A cross-cut sled has an opening on the sides and a small slip in the middle to run the blade through. No matter how long or wide the board is or how small or repeated cuts you need. This sled will support both sides all along the cutting process, leaving clean cutting edges every time.
3. Applying Pressure on the Blade
We do this while cutting a thin part from a wide board. What we do is, put the working piece in between the rip fence and the blade, place support with the miter gauge and press the board against the blade. What happens here is, it binds up with the blade and makes a nasty cutting edge.
To eliminate this, use a gripper push block. This block will press the working side to the rip fence and let the blade cut at its own pace. So there will be no bind up build-up and no nasty cut to fix.
4. Not Applying Multi-Directional Pressure on Work Piece
When you need a workpiece of more than 6-inch thickness, you simply put it on the left side of the blade, right? Because the space between the blade and the fence is just too narrow for that. Well, there is no wrong with it, in fact, it is technically okay. But the actual mistake is when you run the board on the blade pressing it against the fence. Again, this practice causes bind ups.
What you should do instead is, use push blocks and press the board in three directions: toward the fence, toward the table, and forward to cut it. The push blocks you get with the table saw are given to use for these types of cuts. But using those for large boards and applying three directional pressure is not so easy.
For that, I suggest making a DIY push block that is great to apply two-directional pressure. This push-block will be a little bit different and more detailed than the free ones. Here is a template of the DIY push-block. However, when the large boards get three directional pressure on the workpiece and the off piece as well, it will make a square cut effortlessly.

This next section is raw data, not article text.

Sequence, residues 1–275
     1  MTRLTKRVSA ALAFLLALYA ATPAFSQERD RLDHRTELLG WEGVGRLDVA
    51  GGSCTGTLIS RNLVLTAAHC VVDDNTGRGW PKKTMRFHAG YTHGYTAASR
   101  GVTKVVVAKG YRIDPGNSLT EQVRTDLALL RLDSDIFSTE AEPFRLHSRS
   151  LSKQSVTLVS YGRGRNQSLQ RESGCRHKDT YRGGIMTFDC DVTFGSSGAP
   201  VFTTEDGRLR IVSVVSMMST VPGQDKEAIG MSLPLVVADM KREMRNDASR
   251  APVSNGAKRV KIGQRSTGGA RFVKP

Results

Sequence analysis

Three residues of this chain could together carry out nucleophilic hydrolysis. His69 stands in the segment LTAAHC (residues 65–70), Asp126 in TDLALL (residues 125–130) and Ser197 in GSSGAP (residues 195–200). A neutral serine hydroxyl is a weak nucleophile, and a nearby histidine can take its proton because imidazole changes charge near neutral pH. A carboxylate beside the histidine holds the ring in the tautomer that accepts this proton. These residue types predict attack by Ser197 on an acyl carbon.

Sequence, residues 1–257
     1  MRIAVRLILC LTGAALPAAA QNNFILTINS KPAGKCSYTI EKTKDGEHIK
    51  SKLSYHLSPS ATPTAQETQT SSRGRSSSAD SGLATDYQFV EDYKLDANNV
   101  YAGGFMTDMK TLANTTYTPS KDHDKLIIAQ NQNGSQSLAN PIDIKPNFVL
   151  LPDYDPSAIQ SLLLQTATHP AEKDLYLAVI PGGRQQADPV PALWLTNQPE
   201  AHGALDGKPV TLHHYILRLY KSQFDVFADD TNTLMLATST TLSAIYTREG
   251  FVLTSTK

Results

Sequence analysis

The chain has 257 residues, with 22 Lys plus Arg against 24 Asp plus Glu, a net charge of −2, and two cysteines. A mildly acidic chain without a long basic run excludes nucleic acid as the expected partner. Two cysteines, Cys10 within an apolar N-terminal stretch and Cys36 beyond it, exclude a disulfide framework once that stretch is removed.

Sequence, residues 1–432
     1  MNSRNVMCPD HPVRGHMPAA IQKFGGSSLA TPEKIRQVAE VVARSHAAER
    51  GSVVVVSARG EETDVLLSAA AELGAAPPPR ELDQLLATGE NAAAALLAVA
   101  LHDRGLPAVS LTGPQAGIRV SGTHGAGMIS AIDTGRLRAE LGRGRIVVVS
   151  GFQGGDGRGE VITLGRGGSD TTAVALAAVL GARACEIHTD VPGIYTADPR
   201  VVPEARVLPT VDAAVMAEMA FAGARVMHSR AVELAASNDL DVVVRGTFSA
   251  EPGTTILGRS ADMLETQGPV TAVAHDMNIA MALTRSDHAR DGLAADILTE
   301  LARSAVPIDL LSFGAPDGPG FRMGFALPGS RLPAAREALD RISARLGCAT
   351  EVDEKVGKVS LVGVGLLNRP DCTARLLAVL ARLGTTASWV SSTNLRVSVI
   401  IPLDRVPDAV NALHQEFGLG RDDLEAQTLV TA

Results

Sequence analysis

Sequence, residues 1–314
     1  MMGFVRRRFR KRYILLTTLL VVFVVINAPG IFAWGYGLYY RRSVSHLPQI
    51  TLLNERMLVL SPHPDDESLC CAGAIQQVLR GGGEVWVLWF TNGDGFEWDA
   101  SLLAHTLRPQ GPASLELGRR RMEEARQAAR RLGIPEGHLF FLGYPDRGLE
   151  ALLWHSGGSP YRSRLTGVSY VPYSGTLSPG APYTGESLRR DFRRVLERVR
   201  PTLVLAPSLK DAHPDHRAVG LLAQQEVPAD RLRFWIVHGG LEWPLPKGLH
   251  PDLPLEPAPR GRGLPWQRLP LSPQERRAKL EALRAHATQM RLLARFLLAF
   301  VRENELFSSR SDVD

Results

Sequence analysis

5. Over Cranking the Blade Nut
We don’t ever over-crank any nut with other tools and equipment we use every day, but we do over tighten the saw blade nut purposely. We think that this blade will jump off towards our face if the nut is not tightened enough. What it does, as a result, is make the nut jammed. So, when we try to loosen up for next time, it won’t turn or come as a broken piece.
Your saw blade already turns to the opposite direction of the nut threads. So, it automatically tightens. Only tightening the nut to the point when it stops turning is enough. Over tightening the saw blade nut can ruin the blade performance.
6. Using Only Rip Fence Support for Crosscut
While making crosscuts supporting your board with the fence is not the right thing to do. The board will still wobble to its length. It actually needs support for its length. In fact, in every board or cut, the most support is needed to the long side, not the short one. It is the key to any cut you make with any board.
However, put the miter gauge at some use and use it to support the length of your board while making crosscuts. The cut will be perfect and clean squares.
Other Reasons May Involve
Now we will talk about the errors of the saw itself for making bad cuts. These are very common and you probably already have dealt with them.
- Wrapped or worn out blade
- Overly loose or tight nut
- Poorly aligned blade to the table
- Poorly aligned rip fence
Now you know what kind of user error and tool error are reasons for improper cuts on your precious workpieces. Also, we have talked about tips about how to fix user errors as well.
I recommend always performing the accuracy-test before actually starting your project. Also, maintaining the tips we have shared here is important while perfect square cuts are essential. To minimize the tools errors taking care of your table saw is mandatory.
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About This Writer
Hi, I am Eric Devin and I am a professional interior architect. Since childhood, I've always enjoyed DIY projects! And, I have loved to solve simple household problems using essential tools and equipment. I have also acquired a lot of information about basic household tools settings by working with contractors.